Images of melting glaciers have come to dominate the pictorial language of climate change. This paper argues that photographs of melting glaciers engender a representational problem in the communication of climate change as they depict the already seen effects of climate change. Given the dominance of the photograph within Greenpeace campaigns, the paper examines this adherence to visual immediacy by analysing Greenpeace climate change campaign literature since 1994. Identifying five representational phases over the last decade, the analysis shows how a symbolic pictorial language of climate change was being created, and the ways in which risks were communicated as actual rather than potential. Understood retrospectively however, this visualisation calls attention to the problems of communicating environmental issues of a temporal (long term) and unseen nature through a medium of representation which privileges the ‘here and now’.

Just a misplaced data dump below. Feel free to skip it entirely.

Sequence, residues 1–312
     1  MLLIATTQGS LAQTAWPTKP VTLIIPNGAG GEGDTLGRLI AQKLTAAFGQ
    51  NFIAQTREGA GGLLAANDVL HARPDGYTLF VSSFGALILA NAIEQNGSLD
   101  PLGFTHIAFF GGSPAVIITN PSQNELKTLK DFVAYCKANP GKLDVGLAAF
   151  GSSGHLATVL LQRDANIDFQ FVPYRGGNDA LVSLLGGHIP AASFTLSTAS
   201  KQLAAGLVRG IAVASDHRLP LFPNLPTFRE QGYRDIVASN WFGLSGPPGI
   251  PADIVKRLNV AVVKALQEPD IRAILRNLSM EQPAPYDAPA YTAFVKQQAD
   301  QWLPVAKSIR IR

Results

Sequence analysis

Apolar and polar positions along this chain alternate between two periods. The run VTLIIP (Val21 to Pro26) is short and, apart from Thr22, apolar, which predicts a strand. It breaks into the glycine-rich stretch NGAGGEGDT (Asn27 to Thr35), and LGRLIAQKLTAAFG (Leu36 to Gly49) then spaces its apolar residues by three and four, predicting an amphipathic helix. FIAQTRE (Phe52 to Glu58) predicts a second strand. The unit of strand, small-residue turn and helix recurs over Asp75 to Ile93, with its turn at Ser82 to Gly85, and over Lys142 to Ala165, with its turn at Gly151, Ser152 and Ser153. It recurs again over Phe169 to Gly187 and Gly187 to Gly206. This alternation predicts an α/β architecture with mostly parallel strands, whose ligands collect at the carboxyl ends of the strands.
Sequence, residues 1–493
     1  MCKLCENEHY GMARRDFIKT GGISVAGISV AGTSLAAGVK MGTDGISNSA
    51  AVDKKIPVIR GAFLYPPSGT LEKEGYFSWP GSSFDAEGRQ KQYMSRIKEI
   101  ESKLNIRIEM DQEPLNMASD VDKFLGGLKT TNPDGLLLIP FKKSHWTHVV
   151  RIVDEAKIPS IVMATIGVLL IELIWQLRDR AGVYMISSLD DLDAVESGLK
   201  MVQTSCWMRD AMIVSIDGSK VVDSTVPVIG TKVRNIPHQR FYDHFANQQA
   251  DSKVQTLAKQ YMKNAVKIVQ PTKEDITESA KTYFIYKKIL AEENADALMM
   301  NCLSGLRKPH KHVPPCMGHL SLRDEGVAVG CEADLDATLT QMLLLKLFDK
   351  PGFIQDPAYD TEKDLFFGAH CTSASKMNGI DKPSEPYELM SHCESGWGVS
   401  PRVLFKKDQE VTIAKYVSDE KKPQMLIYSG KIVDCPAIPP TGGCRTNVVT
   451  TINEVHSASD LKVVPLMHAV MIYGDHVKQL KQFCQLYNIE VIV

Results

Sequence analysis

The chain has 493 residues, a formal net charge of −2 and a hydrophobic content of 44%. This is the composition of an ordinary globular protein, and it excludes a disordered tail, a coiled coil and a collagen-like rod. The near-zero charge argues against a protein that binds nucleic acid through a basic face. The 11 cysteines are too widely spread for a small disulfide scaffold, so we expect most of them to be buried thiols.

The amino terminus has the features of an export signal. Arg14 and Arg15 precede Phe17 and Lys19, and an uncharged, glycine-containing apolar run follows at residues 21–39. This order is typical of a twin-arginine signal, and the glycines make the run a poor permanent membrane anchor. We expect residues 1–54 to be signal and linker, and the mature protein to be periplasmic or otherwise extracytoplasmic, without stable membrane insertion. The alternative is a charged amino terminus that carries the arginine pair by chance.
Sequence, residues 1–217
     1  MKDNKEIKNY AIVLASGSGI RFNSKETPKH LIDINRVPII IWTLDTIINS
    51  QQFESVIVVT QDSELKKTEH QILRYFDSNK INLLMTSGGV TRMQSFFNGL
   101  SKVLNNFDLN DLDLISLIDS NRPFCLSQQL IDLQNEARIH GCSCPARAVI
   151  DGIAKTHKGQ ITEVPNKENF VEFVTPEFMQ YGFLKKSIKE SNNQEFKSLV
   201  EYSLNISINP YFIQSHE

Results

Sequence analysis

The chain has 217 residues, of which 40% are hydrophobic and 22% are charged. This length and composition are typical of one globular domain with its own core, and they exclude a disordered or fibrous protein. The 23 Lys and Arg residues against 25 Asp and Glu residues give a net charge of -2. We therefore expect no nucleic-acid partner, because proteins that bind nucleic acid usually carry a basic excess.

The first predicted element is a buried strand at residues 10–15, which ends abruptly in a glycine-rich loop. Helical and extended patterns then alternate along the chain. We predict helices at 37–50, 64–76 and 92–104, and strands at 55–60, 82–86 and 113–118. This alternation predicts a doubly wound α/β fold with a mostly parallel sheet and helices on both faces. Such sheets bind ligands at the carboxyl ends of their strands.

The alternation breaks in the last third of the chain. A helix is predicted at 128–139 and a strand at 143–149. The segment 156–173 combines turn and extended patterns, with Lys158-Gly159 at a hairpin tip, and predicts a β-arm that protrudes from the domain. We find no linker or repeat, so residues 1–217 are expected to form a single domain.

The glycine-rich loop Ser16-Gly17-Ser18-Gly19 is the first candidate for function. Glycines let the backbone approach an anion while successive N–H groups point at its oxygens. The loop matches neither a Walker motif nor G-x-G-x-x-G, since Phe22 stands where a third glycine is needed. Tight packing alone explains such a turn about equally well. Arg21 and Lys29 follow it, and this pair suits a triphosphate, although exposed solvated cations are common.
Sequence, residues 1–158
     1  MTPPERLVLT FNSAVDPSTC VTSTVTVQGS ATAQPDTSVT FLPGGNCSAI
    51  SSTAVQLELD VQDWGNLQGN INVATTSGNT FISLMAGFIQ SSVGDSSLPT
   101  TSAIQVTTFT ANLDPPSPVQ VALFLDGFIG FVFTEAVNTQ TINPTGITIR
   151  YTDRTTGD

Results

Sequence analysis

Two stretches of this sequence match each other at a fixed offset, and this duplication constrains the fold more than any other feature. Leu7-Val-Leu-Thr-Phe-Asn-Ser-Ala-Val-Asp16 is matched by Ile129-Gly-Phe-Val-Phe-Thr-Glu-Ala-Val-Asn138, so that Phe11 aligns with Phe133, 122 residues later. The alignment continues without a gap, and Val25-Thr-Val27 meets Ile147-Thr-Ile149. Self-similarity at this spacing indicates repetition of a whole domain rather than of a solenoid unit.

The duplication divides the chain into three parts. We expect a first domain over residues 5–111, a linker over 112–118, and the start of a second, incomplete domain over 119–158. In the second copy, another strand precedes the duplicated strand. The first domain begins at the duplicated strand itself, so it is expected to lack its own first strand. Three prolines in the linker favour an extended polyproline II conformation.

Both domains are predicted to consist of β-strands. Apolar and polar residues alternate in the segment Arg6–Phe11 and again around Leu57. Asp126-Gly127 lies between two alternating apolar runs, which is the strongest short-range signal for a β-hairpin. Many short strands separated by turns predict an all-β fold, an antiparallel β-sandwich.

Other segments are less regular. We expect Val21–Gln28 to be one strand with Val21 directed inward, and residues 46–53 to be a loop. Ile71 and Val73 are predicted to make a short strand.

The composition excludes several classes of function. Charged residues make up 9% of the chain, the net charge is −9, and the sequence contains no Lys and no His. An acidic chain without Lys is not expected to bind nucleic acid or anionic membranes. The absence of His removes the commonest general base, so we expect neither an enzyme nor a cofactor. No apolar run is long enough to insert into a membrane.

|Number of pages||42|
|Journal||Science as Culture|
|Publication status||Published - Jun 2007|
- climate change communication
- visual representation